Guys, I’m really excited about this cake. Why? For so many reasons! First off, it was ridiculously easy – so easy I can barely even remember making it the next day. Second, the taste is amazing. This cake is all sorts of quintessential spring dessert – there’s lemon and fresh berries, the mascarpone is rich, but the cake is light. Not to mention, it’s beautiful in it’s simplicity. Just like the daffodil that blooms next to a mud puddle, this cake has a natural beauty, but the bare cut edges of the cake bring you back to reality. And that’s another thing I love about it – I don’t believe in stuffy food. Nothing and nobody should be perfect all the time, or even try to be. I prefer life to be a little rough around the edges – it’s better that way.
This cake was inspired by my simultaneous need to use up buttermilk and a clamshell container of fresh blackberries. I know we’ve all been there with the buttermilk. If you buy it for one recipe you’re inevitably left with at least half a carton. This cake helps, but just a little bit. The recipe came together little by little, following a trail of breadcrumbs of inspiration.
Here the buttermilk lends a very moist and delicate crumb, which makes it delightful to eat, but hard to get a clean cut. Refrigerating the cake for 30 minutes should help if you want nice clean edges, but I think this cake has more personality with crumbs and slightly jagged edges. Once you get the cake filled and the layers stacked, you definitely won’t be able to cut a perfect piece, so don’t plan on serving this if you’re trying to impress with perfect slices. I promise though, people will ask you for the recipe. It’s that good.
Flavorwise, this cake is a real winner. Blackberries, lemon, cream and vanilla are a hard combo to say no to. It’s simple and delicious.
The cake batter is based, very loosely, on one from the New York Times, which adapted it from the Joy of Cooking. I started out making a full batch in a jelly roll pan, but once I started stacking the layers I realized if I went any higher than two my cake would probably topple over. In accordance, the recipe below has been halved. I also swapped the cake flour for all-purpose without any noticeable difference in texture. I wanted this to be a fancy sort of everyday cake – the kind you just whip up – and everyday cakes shouldn’t use anything but all-purpose.
Lemon and Blackberry Cake with Mascarpone
- 1 c. + 2 t. all-purpose flour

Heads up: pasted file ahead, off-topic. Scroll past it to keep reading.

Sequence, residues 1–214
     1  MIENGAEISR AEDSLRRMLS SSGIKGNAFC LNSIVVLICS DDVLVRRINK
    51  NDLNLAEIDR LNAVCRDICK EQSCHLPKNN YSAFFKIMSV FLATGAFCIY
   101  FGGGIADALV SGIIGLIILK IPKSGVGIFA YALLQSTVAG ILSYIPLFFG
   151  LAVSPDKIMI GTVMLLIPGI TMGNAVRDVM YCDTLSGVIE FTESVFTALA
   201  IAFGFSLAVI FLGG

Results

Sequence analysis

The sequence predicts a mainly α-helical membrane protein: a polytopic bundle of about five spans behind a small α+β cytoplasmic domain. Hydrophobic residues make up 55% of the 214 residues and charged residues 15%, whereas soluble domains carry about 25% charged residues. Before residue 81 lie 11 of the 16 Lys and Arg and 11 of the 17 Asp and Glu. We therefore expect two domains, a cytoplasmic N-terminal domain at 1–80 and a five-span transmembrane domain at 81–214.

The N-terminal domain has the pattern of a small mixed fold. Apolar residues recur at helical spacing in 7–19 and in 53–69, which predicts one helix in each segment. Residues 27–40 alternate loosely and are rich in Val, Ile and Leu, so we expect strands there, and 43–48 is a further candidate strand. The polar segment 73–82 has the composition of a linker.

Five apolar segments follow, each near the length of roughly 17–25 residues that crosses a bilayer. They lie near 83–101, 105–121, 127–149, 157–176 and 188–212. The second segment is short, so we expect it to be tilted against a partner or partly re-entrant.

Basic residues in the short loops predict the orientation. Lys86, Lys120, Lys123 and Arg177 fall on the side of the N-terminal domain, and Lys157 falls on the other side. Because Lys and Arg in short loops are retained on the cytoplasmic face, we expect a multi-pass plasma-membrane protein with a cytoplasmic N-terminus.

- ¾ t. baking powder
- ¼ t. baking soda
- ¼ t. salt
- 3 T. unsalted butter, softened
- ⅔ c. granulated sugar
- 2 large eggs
- ½ c. full fat buttermilk
- ½ t. vanilla
- Zest of 1 medium lemon
- 1 cup (8 oz.) mascarpone cheese, room temperature
- ¼ c. granulated sugar
- ½ t. vanilla
- 5 t. lemon juice (from 1 medium lemon)
- ¼ c. milk
- 12 oz. container blackberries
- Preheat oven to 350°. Grease a 9x9 square baking pan.
- Mix together dry flour, baking powder, baking soda, and salt in a small bowl.
- Add softened butter and sugar to a medium bowl. Using an electric mixer or a whisk, cream the butter and sugar until completely combined.
- Add the eggs one at a time, mixing after each addition. Add the buttermilk and flour mixture in three parts, mixing after each addition. Add vanilla and lemon zest with the final buttermilk addition.
- Scrape the batter into the prepared pan and use a spatula to make sure it’s distributed evenly. Bake for 12 minutes, or until a toothpick inserted into the center comes out clean. Let cool at least 15 minutes in the pan. The cake will pull away from the sides as it cools.
- Add the mascarpone, sugar, vanilla, lemon juice, and milk to a bowl. Using an electric hand beater or stand mixer with the whisk attachment, beat all ingredients together until smooth and fluffy, about 2 minutes. Scrape into a pastry bag or the corner of a gallon ziploc with the tip cut off.
- Cut the cake in half to create two rectangles and trim the edges so all sides are exposed, just like how you would cut the crusts off of toast.
- Place the first layer on your serving platter. Using the pastry bag, pipe dots or a ruffled line around the perimeter of the cake to create a decorative edge. Fill in the center with a thin layer of the filling. Place rows of blackberries across the short way, leaving a little space in between each row to make it easier to cut slices later.
- Place the second layer on top and, following the same steps for decorating, pipe a decorative perimeter and place rows of blackberries. Pipe dots in between the blackberries to fill in the top.
- Refrigerate if not serving right away. This cake should hold up well in the fridge, although I can only attest to one day, as that’s how long it lasted in my house.
- To get a cleaner cut on the cake layers, refrigerate for about 30 minutes prior to cutting. Use a paper towel with a little vegetable oil to coat both sides of your knife before each cut.
- This cake easily doubles and can be baked in a 12x17 jelly roll pan. In fact I halved the recipe after my first round of testing. However, if you double the recipe be sure not to go any higher than two layers. Lining the pan with parchment is a good idea to be able to lift it out of the pan.
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